Myrthe: Yeah, for me, not for you.

TM: No, I’m  so lame… Like, nobody gets that… Because ten feet is like 205 centimeters or something…

Me: Since you had such an organic writing process, did you ever have writer’s block?

TM: No, I actually think writer’s block… it’s a very real thing, when you’re stuck and you can’t write anymore. But I actually think it’s not like a general, “Oh I have writer’s block, I can’t write today.” I think it has to do with something you’ve done. I think if you’ve reached a point in writing a manuscript where you find that you can’t really move forward, and nothing you’re doing is really working, it’s usually because you’ve forced your characters to do something that doesn’t feel natural to them. You are forcing the story to go in a direction that isn’t right for the story. And I found that whenever I look back at the last paragraphs that I’ve written and really think about it and ask myself, “Honestly, does this make sense, the direction that I’m headed in right now, or was I trying to force it do something because I was looking for a shortcut or because I wanted them to do something but it doesn’t really seem natural to them?” And every time I’ve gone back and readjusted some things, it was like removing this huge road block, and I was able to keep writing again.

So I think it’s more than just a mental block, I think it’s because you’ve reached a point in your writing where you need to re-examine the direction you’re going in. But yeah, definitely. Definitely.

How many of you guys are writers? [some raise hands]

Q: Not really a real writer, but I’ve written fanfics and stuff..

TM: Nice! What makes you not a real writer?

Q: Well I haven’t really been trying to write a real book to get published, but I love writing in and of itself.

TM: That’s great! I think that makes you a writer. I think if you think you’re a writer, then you’re a writer. You don’t need credentials, which is really cool. You don’t need to go to school for it. You don’t need a degree. You don’t need to take any formal training, go to any classes. Your mom doesn’t have to like it. Nobody has to like it. You can do it anywhere, at any time. The only problem is, you usually don’t get paid for doing it. [laughter] But that’s okay too. But anyway, that’s great!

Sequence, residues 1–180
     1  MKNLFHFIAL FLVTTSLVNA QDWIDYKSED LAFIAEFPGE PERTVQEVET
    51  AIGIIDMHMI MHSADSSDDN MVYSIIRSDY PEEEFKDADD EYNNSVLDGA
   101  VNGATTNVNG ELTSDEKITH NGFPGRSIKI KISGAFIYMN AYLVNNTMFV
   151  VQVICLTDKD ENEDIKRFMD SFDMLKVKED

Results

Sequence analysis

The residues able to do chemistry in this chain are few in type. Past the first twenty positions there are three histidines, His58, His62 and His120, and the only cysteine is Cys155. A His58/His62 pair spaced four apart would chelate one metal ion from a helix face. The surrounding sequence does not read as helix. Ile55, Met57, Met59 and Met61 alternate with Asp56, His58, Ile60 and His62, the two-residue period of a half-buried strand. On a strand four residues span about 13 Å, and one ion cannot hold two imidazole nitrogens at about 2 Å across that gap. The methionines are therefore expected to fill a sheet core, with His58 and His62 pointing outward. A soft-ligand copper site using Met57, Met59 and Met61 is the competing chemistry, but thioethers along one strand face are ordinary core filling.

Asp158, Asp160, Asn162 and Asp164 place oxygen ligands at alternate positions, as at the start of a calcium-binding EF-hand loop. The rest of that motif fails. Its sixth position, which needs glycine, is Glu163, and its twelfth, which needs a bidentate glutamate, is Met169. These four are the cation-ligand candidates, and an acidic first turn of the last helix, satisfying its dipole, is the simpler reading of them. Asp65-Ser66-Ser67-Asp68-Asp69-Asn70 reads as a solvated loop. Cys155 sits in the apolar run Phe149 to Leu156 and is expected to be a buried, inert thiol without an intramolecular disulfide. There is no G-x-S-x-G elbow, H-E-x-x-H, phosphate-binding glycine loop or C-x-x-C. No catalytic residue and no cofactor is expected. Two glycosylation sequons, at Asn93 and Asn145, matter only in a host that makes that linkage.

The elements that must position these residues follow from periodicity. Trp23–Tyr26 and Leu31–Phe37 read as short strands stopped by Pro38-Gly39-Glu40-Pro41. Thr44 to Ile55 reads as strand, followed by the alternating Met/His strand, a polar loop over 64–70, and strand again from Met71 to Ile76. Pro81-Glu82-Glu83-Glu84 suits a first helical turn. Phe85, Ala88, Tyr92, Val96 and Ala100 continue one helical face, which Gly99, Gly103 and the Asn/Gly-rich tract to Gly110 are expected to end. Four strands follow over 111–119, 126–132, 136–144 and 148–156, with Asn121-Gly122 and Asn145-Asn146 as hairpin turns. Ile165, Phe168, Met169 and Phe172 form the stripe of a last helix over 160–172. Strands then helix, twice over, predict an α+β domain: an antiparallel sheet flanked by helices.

I think it’s insane that you guys are like writing books. When I was your age, I was like, “I don’t know… Cake?” [laughter] FOOD. Seriously, I went through this phase where I was like, “Junk food is excellent.”



Myrthe: Do any of you have any urgent questions that you must know the answers to? We have about 10 minutes left.

TM: Or I could just here and ask you guys questions. Or we could just stare at each other.

Me: Have you tried Dutch food yet?

Others: Like a kroket? Or an oliebol? Or stroopwafels? Or pepernoten?

TM: Well I don’t know what any of that is, but… *runs off to get something*

Myrthe: At one of the school visits, they gave her licorice and she almost threw up. [laughter]

TM: *comes back* Are you talking about me? Oh, that was so gross… I was like in front of all these kids, and they were like, “Here! Try it!” and I was like, “*GULP*” I seriously almost threw up. It was really embarrassing. I was like, “Guys, it’s great, thank you!” *pulls out stroopwafels* This is blowing my mind!

Us: Stroopwafels!

TM: This is amazing. Why didn’t they give me this?! I would have been so happy. Anita, who’s a book blogger, she interviewed me this morning, and she brought these for me. And I was like, “Oh god, more food….” And then I ate one, and I was like, my life is just so much better now. [laughter] So I don’t know what this is, but if this is Dutch…

Me: Stroopwafel, a syrup waffle, literally.

TM: There’s like, caramel in the middle.

Q: It’s even better when it’s heated up.

TM: Really?

Q: Yeah, if you have a cup of tea, you can put it on top of the cup and it gets warm.



TM: I have like one day left in Amsterdam, so do you guys have any suggestions for food?

Q: Pepernoten!

TM: Peper..?

Myrthe: It’s like the St. Nicholas treat, the small, round cookies. We have them here.